Article No :1716 | February 28, 2020 | by Maria Jäärats
A big part of UX research is talking to people and trying to understand how and why they behave in a certain way. So, several methods we use, like interviews and focus groups are in a way, amplified versions of face to face communication. UX researchers put a lot of effort into getting across a question just the right way and then understanding what the user is saying or doing. They tend to prepare for the sessions rigorously and go over the session recordings not only to uncover insight but also to reflect on their moderating skills.
But even though there are industry practices and protocols involved, at their core, usability sessions and interviews are observations and conversations you have with people to understand them. So, many things I have learned practicing user research are extremely useful in day-to-day conversations.
Imagine you share something about yourself in a conversation. But instead of asking further or simply reassuring you to go on, the person’s reply makes it about them. Sounds familiar? Or are you the one who makes it all about them sometimes?
If you search for “conversational narcissism” online, you’ll find a lot of shaming for this behaviour. However, a study from Harvard University suggests that sharing information about yourself feels intrinsically rewarding. The study involved examining brain responses in a magnetic resonance imaging (MRI) scanner while people discussed their own opinions and personality traits. As they did so, parts of the brain activated that are generally associated with reward and pleasurable feelings. These are the same areas that light up in response to sex, cocaine, and good food, Adrian F. Ward explains an overview of the mentioned study.
But in fact, the same study found that similar neural activity occurred, when people were talking or thinking about themselves without any audience. So maybe we can improve our conversations with other people by having the most important ones with ourselves, through introspection. When you let go of the rush to think about “you” while listening to others, something unexpected happens.
In her wonderful book, Practical Empathy, researcher and author Indi Young calls to try a new way of listening that starts with shifting your attention back to your partner, every time it drifts:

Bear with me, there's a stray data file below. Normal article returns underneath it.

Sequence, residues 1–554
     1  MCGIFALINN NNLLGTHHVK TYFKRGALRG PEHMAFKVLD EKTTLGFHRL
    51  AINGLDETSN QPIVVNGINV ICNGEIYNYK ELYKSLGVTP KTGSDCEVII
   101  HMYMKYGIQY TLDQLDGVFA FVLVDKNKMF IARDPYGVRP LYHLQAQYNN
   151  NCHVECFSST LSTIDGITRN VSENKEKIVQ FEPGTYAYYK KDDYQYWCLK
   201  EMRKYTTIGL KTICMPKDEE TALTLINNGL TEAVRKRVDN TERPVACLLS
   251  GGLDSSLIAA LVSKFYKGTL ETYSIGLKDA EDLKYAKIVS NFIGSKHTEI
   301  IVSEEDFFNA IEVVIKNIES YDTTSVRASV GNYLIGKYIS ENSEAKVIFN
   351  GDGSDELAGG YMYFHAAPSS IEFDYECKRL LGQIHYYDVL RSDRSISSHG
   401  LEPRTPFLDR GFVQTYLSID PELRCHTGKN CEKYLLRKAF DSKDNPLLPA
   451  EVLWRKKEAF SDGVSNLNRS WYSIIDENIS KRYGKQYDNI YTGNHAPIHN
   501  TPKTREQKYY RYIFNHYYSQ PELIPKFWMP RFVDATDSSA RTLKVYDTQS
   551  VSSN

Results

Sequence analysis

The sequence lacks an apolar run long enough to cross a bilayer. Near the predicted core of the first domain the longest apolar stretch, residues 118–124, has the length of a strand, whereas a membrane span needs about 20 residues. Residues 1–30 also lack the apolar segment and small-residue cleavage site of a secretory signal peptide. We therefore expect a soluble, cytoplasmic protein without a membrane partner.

You fall into a different brain state — calmer, because you have no stray thoughts blooming in your head — but intensely alert to what the other person is saying. /…/ You are completely engaged in a demanding and satisfying pursuit.
Indi Youg, Practical Empathy p. 50.
I certainly don’t achieve this level of concentration and flow with every user interview, but I’m getting better. And I’m sure this is a skill everyone can and should practice through simply noticing your own thoughts and redirecting attention to your subject of interest — the person sitting opposite. Listening actually is the first step towards real empathy.
Keep listening (that means stay silent)
There is an unwritten 90/10 rule in user research, meaning 90% of the talking should be done by the user (the one being interviewed). It took me some time to really take this on board. When you are engaged in listening and your partner goes silent you will want to encourage her, so remaining quiet feels counterintuitive. This is perfectly normal. But resisting this urge can eventually lead to better answers and a deeper conversation.
What happens during that pause after you ask a question and get a brief reply (or a non-answer) is that you both will feel an urge to fill the silence. If you resist to do so, your partner will either feel prompted to expand or will simply get that extra moment to reflect and consider what she might want to add. Remember that time moves slower when you are the one asking questions and speeds up when you’re answering.
Ask and echo
Now imagine you are listening to a presentation about a new concept/ project/ idea at work. She is using all the right words but… you don’t really get what she means. But no one else is saying anything so you keep quiet. First perhaps not to look stupid and then because you’re convinced you don’t care about the silly thing anyway.
People tend to fill the gaps between bits of “knowing” with assumptions that have little to do with what has been communicated. If you do that in a usability testing session and don’t follow up on a useful comment, it can result in poor decisions or no decisions at all (slowing down the design process). So UX researchers take pride in asking “dumb” questions. And as much as I’ve seen, it transcends beyond usability sessions, into work meetings and casual conversations.
During interviews I try to check in with myself and ask if I really understand what an utterance means and where it is “coming from”. If the answer is “not really”, there is a useful trick that might be helpful to anyone: Just repeat the last thing that was said and add your question. This avoids sounding offensive or putting new ideas on the table and helps to focus on clarifying what was said.
On final note, successful user research depends a lot on observation and reflection: learning how to keep attention present and reflect on what is happening around you and within — the two core skills we desperately need more of in any field and situation.